Do you know when to walk away from a potential deal as a small business prime?
In many cases, the answer is NO!
But, as the business developer of a small company you must know when. Here is why…
You have limited resources and a limited budget. You must determine how to optimally utilize those resources available and how to best allocate your budget to win the most business. You need to ensure that you don’t let your ego get the best of you as well. If you’re saying to yourself, “I know our company has the qualifications to win,” make sure that’s not the only argument you have.
How do you know?
There are several basic factors that every business developer should know when determining if his/her company should pursue or not pursue an opportunity, such as:
• Does your company have the contract vehicle that the customer intends to use?
• Does your company have the required facilities clearance (i.e., Secret or Top Secret)?
• Does your company have a DCAA approved accounting system?
However, the most important factors come down to three key questions.
Does the customer know who you are and the team you have constructed?
It’s not about who you know, it’s about who knows you! Your objective is to do whatever it takes to get into a meeting with the customer, specifically the program manager and any potential technical evaluation board (TEB) member that will be evaluating your proposal when submitted. You need to present them with the qualifications your team offers collectively to execute the requirement. If you can’t get face time with the customer, then it’s not worth your time to pursue.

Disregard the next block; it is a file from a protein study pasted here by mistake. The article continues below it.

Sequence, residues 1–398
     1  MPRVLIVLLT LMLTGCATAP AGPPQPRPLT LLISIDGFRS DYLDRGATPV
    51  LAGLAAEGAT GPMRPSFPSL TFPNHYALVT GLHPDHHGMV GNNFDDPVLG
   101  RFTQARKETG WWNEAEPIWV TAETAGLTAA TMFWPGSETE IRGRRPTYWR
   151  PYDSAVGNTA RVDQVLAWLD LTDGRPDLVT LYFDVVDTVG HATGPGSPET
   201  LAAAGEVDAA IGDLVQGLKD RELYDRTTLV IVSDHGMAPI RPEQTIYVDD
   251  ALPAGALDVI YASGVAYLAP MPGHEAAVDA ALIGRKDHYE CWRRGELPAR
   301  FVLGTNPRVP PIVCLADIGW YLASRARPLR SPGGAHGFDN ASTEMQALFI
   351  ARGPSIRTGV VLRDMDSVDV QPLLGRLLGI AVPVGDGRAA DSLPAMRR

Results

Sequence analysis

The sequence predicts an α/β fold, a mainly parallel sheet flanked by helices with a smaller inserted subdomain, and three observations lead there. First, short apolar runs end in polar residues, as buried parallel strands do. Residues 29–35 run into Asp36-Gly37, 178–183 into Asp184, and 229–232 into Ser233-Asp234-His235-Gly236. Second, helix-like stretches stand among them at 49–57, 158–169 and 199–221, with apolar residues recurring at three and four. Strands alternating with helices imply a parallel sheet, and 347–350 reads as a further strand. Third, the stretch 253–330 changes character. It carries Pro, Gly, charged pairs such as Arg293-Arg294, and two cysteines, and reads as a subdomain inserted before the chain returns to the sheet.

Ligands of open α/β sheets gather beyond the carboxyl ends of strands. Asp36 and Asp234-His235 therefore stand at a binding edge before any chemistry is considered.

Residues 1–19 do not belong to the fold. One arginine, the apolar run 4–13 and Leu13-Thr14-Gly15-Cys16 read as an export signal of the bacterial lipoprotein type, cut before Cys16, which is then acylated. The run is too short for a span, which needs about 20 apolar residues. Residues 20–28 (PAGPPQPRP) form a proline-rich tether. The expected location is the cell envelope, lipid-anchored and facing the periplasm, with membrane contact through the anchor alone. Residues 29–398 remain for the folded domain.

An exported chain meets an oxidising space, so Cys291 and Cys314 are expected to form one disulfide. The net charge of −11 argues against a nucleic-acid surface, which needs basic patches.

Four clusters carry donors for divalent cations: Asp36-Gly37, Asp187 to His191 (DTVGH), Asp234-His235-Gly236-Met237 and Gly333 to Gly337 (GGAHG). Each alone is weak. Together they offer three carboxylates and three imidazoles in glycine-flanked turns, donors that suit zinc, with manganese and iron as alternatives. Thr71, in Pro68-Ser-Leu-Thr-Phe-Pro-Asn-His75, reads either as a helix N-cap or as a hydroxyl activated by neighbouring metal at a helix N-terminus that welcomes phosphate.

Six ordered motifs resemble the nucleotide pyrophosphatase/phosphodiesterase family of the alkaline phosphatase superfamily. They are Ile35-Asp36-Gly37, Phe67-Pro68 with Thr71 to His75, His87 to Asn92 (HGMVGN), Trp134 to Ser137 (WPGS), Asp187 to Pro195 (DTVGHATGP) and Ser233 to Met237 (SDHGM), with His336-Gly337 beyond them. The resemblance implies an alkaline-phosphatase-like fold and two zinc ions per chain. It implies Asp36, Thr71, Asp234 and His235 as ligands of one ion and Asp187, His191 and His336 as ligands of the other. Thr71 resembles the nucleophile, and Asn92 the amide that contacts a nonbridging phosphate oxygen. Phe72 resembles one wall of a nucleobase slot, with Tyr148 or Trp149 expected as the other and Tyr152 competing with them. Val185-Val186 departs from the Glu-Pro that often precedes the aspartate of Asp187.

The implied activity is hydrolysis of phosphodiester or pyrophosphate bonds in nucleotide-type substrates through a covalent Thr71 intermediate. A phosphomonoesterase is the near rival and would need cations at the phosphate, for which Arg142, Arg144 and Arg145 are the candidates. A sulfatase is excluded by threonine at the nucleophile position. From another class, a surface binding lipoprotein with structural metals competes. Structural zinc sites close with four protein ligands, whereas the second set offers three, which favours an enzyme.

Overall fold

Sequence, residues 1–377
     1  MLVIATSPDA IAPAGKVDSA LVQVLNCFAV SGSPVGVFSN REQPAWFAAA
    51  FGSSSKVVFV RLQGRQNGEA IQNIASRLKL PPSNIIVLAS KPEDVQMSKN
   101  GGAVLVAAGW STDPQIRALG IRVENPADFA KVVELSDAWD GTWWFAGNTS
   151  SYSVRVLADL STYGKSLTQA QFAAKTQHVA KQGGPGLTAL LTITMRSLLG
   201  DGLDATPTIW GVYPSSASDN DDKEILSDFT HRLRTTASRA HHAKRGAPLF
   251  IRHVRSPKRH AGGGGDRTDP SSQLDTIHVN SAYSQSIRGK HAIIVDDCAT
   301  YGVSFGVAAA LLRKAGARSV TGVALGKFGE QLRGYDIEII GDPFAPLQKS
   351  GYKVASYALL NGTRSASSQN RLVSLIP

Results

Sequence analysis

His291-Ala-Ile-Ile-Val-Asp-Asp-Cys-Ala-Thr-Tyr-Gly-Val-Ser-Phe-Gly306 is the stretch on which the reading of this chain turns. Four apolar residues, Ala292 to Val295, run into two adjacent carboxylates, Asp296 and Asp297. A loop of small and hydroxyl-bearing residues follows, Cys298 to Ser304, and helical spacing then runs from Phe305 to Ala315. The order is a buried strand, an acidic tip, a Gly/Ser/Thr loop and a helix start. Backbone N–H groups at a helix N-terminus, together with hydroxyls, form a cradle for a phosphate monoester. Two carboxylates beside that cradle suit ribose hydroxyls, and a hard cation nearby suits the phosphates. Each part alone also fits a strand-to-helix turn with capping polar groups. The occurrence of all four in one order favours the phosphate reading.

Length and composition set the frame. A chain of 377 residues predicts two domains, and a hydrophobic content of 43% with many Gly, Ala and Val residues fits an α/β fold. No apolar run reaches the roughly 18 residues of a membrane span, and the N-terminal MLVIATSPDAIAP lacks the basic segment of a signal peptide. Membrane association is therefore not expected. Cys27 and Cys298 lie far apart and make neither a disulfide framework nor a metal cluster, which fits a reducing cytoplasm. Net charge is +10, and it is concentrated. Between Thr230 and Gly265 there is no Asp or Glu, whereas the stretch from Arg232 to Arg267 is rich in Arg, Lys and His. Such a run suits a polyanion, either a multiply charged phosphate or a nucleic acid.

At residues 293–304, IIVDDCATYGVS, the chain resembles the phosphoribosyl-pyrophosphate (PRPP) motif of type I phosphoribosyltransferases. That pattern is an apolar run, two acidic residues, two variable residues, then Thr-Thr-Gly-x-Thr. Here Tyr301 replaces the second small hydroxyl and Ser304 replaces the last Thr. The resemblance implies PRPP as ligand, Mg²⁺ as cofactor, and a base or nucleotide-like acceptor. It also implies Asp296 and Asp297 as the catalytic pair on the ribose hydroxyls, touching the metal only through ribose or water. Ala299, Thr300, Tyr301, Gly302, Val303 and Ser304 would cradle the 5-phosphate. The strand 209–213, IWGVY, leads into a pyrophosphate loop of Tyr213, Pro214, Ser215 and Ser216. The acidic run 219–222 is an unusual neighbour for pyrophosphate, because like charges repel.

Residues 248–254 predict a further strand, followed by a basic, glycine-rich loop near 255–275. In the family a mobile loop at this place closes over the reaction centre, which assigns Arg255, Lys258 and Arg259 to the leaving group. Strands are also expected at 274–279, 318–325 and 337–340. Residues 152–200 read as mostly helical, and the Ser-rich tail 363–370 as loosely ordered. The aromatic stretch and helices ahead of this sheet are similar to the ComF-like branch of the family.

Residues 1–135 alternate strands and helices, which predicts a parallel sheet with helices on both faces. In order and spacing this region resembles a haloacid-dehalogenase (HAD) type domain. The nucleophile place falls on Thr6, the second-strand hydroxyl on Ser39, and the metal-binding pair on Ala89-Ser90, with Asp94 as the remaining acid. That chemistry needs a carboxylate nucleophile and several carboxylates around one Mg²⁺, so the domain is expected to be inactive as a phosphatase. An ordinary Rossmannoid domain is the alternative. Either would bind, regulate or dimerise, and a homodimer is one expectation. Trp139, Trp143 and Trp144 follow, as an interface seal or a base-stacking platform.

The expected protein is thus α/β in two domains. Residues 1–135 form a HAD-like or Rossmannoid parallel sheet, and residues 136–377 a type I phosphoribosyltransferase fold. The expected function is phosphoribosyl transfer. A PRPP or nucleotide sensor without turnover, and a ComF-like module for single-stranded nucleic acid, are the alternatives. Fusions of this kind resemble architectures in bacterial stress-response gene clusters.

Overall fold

Does the customer even want competition?
If the customer is not taking the time to meet with you, that is a good sign they don’t want competition. But if they do meet with you, remember your objective is to determine if they actually want competition. Usually, when a customer provides you hot buttons or issues they currently have that they want to be addressed, that is a good sign that they want competition. Also, knowing that they are open to various acquisition strategies and different contract vehicles is a good sign as well.
AND, don’t confuse contracting office interaction with customer interaction. It’s the job of the contracting officer to drum up the competition, they don’t care who wins, they just care that more than two companies submit a proposal.
How much love does the customer have for the incumbent?
You can figure this out in two ways. Research and Word of Mouth.
Do Your Research:
Determine if a prime has continuously received increase modifications to the contract. That’s a good sign that the customer likes the work the incumbent is doing.
C2P’s market intelligence software can provide valuable award information about contractors and their incumbents. C2P will also show you which companies have given the most mods to a single incumbent.
Word of Mouth:
What relationships exist with that customer? Use your network of contacts to figure out what companies have supported that customer in other contracts and figure out if the customer likes how the incumbent is performing?
As a business developer, knowing when to walk away from a deal is as important as knowing what deals to pursue. With Capture 2 Proposal, you can do all of your research in one place reducing the time and resources you spend determining which deal you want to pursue and which deals you should pass on.